26 MARCH 1887, Page 12



[To THE EDITOR or SPECTATOR...I SIR, —Your recent article on "Humanist Theology" must have afforded many readers that lively satisfaction with which we feel dim instincts and beliefs receive the definiteness of clear expression. Will you allow space to one of them for a few remarks suggested by comparing that article with a review, shortly preceding it, of the striking volume called "The Kernel and the Husk ?" Alike among those who welcome and recoil from the spirit that denies the supernatural, your protest against the attempt to harmonise that spirit with the teaching of Christ will meet with sympathy ; for religious feeling is not more interested in rejecting the compromise than are scientific accuracy or intellectual coherence. If we mean no more by the Will of God than that group of sequences which we know as Nature, the Church has nothing to say that would not be much better said at the Royal Institution, and her continued existence becomes mere waste of power. Natural selection, if it show us as much of the divine character as does the life of Christ, shows us infinitely more ; and the changed proportions of what was once thought the focus of the world's history will be found the least element in the reconstruction of belief. To many minds, I suppose, this seems equally true if what is rejected be not the supernatural, but the miraculous ; yet in "The Kernel and the Husk" we have an attempt to disentangle Christianity from all association with miracle, which not only implies no rejection of a supernatural world, but even may be said to translate the belief in the supernatural into a form which makes it more intelligible to the mind of our day. The author of " The Kernel and the Husk " believes that we sojourn, for some three score years and ten, in a world of fixed sequences, which we have come to call laws, dealing with a certain definite amount of force which we may husband and transmute, but neither increase nor destroy. He believes, also, as I understand him, that we inhabit another world in which we are in contact with an Infinite Will, the fountain of all law, in approach to which we may unseal new springs of creative energy, and find the irrevocable past subject to mysterious transformation ; that the change which we call "death," severing us from the fleshly organism which is a part of Nature, will reveal this eternal world as our borne; but that we inhabit it at this moment, and may at any moment enter into a vital experience of its most pregnant influences. What I mean by calling this a supernatural world is that it is impossible to translate that experience into language intelligible to the part of the mind which corresponds to Nature as the ear corresponds to the vibrations which cause sound.

Vain were the effort, for instance, to construe to the rational- ising intellect that which he believes who has ever uttered in prayer the word " forgive ;" the claim that he should describe the hope which then fills the heart as an anticipation, busy

with the world of event discovers to him that the logic moulded on the processes of Nature has no dialect avail- able for an experience to which those processes afford no analogy. This world of the supernatural, as I understand the writer to whose work I refer, he accepts with a fullness of belief in which he is not surpassed by St. Paul, while he is forced, as a thinker of the last half of the nineteenth century, to give to the world of the natural a prominence and vividness which perhaps were hardly possible before the scientific triumphs of our own time. What is original to him is the belief that while every man is an inhabitant of both these worlds, they never, as it were, overlap each other, so that the outward world should bear witness to an influence that it does not include, as a felled tree tells the spectator that a man has been at work in a forest. This view seems to me to possess a value for our time which a truer belief would lack. It disentangles the question for each one of us from that complication with which the student of history alone is fitted to deal, and shuts off from that question a side-light which our time finds specially bewildering. Is there a God who answers prayer? a Redeeming Will with which we may co-operate, in harmony with which we may enter into communion with the absent, the estranged, the dead P — a divine sympathy with our desires, not in pro- portion to their effectiveness, but on some principle of which we see no shadow in Nature, so that in this mysterious inverted world the achievements of a Napoleon go for nothing, the aspirations of the insignificant and the meek for everything ? No book published in the last score of years seems to me to meet that question with so emphatic a "Yes !" as "The Kernel and the Husk " does. Indeed, I should venture to say that the issue was never before so clearly accepted by any one who gave it an affirmative answer. I think the author right in what he accepts, and wrong in what he denies. But that a logical mind, rejecting all invasion of the natural by the supernatural, should yet believe in the existence of a world above Nature, as much more important to each of us as our home is more important than an inn,—this seems to me a translation of the meaning of Christianity into a dialect in which, if in any, it may be received by the mind of our own day ;—while that in it which is negative will sift away a problem for the historian, and bring it back to the field of belief on ground where it perplexes no fundamental issues, and leaves personal conviction untroubled with evidence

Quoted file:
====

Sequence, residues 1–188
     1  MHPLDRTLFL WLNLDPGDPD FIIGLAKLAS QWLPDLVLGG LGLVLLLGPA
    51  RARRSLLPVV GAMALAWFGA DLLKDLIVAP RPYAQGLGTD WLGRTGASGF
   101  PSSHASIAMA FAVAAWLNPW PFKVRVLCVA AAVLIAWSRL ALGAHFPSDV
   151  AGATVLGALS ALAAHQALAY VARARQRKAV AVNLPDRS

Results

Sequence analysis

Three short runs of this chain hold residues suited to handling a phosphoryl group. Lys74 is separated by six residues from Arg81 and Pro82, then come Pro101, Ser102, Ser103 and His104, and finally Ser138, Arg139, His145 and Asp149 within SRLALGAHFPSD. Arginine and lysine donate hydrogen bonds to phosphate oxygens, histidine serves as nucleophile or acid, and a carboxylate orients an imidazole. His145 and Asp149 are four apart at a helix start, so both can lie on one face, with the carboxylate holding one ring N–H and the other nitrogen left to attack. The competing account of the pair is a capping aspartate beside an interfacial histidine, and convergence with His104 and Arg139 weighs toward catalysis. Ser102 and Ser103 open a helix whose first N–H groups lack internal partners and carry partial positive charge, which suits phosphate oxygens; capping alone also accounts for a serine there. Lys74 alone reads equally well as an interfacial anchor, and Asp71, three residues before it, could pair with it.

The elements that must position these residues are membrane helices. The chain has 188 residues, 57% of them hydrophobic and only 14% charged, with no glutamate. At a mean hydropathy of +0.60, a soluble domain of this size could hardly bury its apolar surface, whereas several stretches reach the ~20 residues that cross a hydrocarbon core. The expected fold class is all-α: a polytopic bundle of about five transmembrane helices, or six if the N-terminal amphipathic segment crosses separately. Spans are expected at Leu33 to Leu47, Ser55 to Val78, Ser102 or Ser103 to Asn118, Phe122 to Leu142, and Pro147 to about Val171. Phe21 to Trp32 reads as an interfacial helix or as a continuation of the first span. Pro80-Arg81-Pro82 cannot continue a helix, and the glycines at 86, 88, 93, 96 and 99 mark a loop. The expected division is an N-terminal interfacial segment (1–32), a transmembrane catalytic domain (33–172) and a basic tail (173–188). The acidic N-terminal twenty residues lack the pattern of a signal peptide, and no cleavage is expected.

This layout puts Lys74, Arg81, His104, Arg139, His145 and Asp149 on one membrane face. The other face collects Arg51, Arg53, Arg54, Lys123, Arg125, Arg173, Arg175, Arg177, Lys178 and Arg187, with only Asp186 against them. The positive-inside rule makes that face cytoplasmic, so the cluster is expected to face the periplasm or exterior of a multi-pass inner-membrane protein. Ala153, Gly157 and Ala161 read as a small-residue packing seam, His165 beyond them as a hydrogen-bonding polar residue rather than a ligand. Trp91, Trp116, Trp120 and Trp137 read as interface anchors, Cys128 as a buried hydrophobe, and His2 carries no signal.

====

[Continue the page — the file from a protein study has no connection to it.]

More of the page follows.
it cannot judge.—I am, Sir, Ac., F. JTILIL WEDGWOOD.